Dairy Consumption, Blood Pressure, and Risk of Hypertension: An Evidence-Based Review of Recent Literature

Mary M. McGrane, Eve Essery, Julie Obbagy, Joan Lyon, Patricia MacNeil, Joanne Spahn, Linda van Horn*

*Corresponding author for this work

Research output: Contribution to journalReview article

63 Scopus citations

Abstract

Hypertension is a major risk factor for development of stroke, coronary heart disease, heart failure, and end-stage renal disease. In a systematic review of the evidence published from 2004 to 2009, the 2010 Dietary Guidelines Advisory Committee (DGAC) concluded there was moderate evidence of an inverse relationship between the intake of milk and milk products (dairy) and blood pressure. This review synthesizes results from studies published over the past year on the relationship between dairy intake, blood pressure, and hypertension risk. The influence of dairy micronutrients including calcium, vitamin D, potassium, and phosphorous on blood pressure and incident hypertension is examined. Emerging research on bioactive dairy peptides is also reviewed. Lastly, recent evidence on effects of dairy fat content on blood pressure and hypertension risk, and the impact of inclusion of low-fat dairy in dietary patterns is also investigated.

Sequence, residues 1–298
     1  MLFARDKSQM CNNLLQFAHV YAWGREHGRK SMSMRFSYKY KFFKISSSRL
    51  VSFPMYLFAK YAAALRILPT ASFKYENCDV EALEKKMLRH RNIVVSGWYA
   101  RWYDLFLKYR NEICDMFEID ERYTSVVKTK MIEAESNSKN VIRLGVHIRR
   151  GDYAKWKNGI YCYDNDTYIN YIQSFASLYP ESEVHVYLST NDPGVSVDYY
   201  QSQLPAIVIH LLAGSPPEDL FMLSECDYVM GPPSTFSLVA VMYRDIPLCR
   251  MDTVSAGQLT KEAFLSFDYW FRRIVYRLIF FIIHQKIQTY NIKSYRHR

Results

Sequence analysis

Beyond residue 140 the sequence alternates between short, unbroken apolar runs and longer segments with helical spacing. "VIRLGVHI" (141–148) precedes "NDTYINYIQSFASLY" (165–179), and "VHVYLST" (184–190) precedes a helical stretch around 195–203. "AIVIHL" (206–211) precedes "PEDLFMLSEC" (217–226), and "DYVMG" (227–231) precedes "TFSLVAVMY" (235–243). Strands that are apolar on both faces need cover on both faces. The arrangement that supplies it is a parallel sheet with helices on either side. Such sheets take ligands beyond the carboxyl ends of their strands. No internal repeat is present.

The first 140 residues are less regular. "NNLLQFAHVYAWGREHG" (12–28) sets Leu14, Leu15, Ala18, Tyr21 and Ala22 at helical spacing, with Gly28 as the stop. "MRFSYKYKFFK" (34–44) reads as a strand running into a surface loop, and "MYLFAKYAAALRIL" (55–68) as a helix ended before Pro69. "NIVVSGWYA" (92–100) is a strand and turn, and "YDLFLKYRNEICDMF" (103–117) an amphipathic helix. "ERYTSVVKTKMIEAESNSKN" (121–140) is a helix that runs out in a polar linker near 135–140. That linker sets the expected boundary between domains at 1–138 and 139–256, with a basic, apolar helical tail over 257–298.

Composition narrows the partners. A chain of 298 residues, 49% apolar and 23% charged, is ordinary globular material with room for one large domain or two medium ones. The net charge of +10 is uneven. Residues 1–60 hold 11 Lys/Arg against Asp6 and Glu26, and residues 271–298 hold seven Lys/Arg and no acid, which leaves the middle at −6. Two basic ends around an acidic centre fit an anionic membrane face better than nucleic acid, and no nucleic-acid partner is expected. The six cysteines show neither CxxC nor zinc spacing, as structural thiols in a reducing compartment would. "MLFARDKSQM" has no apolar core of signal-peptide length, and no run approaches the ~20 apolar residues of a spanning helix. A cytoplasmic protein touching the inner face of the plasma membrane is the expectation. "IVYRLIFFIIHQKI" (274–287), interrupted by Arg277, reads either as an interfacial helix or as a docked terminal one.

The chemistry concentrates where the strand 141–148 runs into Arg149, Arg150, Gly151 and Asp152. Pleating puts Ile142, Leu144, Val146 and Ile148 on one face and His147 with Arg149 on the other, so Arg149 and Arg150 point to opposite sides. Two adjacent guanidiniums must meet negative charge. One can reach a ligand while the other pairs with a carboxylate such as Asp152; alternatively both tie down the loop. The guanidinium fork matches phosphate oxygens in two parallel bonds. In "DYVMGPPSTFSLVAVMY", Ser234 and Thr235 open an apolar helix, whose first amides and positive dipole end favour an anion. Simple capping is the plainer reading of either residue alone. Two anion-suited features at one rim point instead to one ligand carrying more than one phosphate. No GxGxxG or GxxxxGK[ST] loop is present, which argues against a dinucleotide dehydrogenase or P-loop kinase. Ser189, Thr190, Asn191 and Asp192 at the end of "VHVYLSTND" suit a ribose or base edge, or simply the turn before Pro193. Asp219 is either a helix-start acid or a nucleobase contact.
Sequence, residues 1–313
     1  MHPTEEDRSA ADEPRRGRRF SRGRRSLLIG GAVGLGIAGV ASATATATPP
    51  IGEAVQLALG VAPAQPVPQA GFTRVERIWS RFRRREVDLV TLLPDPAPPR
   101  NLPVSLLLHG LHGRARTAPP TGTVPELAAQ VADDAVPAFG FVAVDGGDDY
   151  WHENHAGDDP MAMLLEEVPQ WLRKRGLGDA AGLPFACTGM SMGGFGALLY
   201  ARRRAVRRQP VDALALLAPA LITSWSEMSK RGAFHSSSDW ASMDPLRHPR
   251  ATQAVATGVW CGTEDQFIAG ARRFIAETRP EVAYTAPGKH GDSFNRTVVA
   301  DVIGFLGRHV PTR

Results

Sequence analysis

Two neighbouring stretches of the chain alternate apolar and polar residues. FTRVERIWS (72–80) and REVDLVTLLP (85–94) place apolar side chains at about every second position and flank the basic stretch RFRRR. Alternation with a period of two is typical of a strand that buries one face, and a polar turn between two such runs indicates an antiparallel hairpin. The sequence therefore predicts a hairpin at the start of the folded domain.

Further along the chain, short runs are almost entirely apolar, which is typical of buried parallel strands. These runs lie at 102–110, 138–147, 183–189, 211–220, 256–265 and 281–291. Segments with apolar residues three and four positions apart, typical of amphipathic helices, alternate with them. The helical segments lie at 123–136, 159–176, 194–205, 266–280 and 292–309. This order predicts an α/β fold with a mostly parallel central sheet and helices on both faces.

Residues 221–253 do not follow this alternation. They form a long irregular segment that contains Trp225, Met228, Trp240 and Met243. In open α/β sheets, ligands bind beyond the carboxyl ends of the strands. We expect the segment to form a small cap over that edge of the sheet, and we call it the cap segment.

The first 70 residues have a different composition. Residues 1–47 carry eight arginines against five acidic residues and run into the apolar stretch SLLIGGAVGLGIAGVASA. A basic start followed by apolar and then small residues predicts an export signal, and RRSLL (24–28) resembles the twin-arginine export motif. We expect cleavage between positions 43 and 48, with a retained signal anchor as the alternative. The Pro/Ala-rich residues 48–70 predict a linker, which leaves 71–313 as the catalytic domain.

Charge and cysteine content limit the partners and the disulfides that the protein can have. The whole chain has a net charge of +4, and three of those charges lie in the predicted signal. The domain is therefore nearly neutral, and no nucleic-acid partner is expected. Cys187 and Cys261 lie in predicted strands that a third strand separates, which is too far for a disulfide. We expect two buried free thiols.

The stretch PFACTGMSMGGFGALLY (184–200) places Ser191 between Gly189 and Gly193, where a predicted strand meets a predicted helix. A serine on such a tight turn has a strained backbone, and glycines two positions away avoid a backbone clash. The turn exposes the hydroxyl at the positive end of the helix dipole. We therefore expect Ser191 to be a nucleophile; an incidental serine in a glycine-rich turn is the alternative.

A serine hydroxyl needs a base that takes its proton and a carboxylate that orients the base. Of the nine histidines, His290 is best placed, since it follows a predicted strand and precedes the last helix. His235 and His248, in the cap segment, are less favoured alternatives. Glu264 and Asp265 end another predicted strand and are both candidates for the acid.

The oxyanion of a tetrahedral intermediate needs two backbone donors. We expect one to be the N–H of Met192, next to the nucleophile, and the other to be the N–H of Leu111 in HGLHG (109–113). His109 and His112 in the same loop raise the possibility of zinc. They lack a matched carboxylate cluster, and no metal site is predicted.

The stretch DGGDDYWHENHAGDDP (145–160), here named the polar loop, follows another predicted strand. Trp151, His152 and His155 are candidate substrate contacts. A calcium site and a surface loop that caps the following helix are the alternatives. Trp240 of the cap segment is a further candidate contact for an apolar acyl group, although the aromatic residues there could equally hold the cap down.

Original languageEnglish (US)
Pages (from-to)287-298
Number of pages12
JournalCurrent Cardiovascular Risk Reports
Volume5
Issue number4
DOIs
StatePublished - Dec 1 2011

Keywords

  • Blood Pressure (BP)
  • Calcium
  • Dairy
  • Dietary Patterns
  • Hypertension (HTN)
  • Lactotripeptides
  • Vitamin D

ASJC Scopus subject areas

  • Pharmacology
  • Pharmacology (medical)

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